The Excel Addict Most of us use Excel. Some of us use it a lot, and are constantly looking for easier ways to do things. Francis Hayes--the Excel Addict--offers plenty of free tips, a regular newsletter, and an inexpensive book to download.
The International Network of Cholesterol Skeptics Everything you know about cholesterol causing heart disease is wrong, and this website is run by eminent doctors who are trying to set the record straight. But, with billions of dollars in drug sales at stake, it won't be easy.
The Nutrition Experts The name says it all. Jo-Ann Heslin and Karen Nolan have sold millions of books, and have re-launched their information-packed website. What's more, they encourage website visitors to submit questions.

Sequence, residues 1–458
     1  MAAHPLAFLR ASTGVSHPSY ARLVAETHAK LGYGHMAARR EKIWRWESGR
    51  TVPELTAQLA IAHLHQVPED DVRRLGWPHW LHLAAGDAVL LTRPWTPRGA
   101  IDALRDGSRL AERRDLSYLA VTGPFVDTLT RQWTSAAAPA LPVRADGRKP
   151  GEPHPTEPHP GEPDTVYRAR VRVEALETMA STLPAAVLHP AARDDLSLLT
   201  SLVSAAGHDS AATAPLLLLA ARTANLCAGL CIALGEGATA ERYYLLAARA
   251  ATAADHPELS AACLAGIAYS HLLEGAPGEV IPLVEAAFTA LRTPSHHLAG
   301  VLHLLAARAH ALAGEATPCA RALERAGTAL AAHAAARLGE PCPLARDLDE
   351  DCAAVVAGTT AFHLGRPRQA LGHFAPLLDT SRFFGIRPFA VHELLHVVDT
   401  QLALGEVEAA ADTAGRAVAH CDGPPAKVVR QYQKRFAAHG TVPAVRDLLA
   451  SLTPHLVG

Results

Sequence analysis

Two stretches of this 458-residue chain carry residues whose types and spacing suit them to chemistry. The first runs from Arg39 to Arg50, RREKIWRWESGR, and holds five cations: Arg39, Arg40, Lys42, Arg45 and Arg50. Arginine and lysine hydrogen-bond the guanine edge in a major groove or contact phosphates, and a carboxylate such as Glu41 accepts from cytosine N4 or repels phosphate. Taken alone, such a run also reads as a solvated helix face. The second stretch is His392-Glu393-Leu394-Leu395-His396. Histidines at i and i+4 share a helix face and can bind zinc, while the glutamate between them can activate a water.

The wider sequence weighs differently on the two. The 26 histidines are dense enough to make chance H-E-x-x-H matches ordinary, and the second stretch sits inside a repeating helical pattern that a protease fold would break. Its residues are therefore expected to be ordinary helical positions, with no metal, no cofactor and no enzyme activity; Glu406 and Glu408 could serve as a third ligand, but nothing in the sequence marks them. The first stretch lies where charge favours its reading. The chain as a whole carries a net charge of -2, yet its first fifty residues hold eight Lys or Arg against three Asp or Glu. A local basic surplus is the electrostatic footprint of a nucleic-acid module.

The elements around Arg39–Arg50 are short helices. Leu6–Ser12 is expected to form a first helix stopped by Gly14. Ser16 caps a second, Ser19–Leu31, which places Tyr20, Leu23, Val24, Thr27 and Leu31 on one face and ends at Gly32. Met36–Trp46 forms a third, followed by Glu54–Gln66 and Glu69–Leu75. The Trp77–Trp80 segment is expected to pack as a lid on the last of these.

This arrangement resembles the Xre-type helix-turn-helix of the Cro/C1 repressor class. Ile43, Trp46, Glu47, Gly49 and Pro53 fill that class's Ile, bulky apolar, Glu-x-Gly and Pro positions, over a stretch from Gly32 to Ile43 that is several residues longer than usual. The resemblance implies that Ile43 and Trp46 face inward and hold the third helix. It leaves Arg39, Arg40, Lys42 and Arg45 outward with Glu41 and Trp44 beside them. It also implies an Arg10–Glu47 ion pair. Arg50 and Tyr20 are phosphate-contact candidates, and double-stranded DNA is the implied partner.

Weasel Zippers Conservative commentary from all over the Web. Updated constantly.
Zero Hedge Works to...
Widen the scope of financial, economic and political information available to the professional investing public; provide analysis uninhibited by political constraint; liberate oppressed knowledge
This HND piece starts with a walk down Chinese drywall memory lane, but ends up at a very current case. An unfortunate Florida homeowner—and we are certain that there are many more like him—got caught up in the state's nonsensical criteria for tainted and corrosive drywall.
In defense of the Sunshine State, it simply went along with the absurd recommendations of the Consumer Product Safety Commission and ASTM. CPSC chose orthorhombic sulfur (S8) as its qualifying standard, despite plenty of contrary data--and this was data that CPSC paid for, and represented superb analytical work. Another epic fail from CPSC, and from the once-respected ASTM.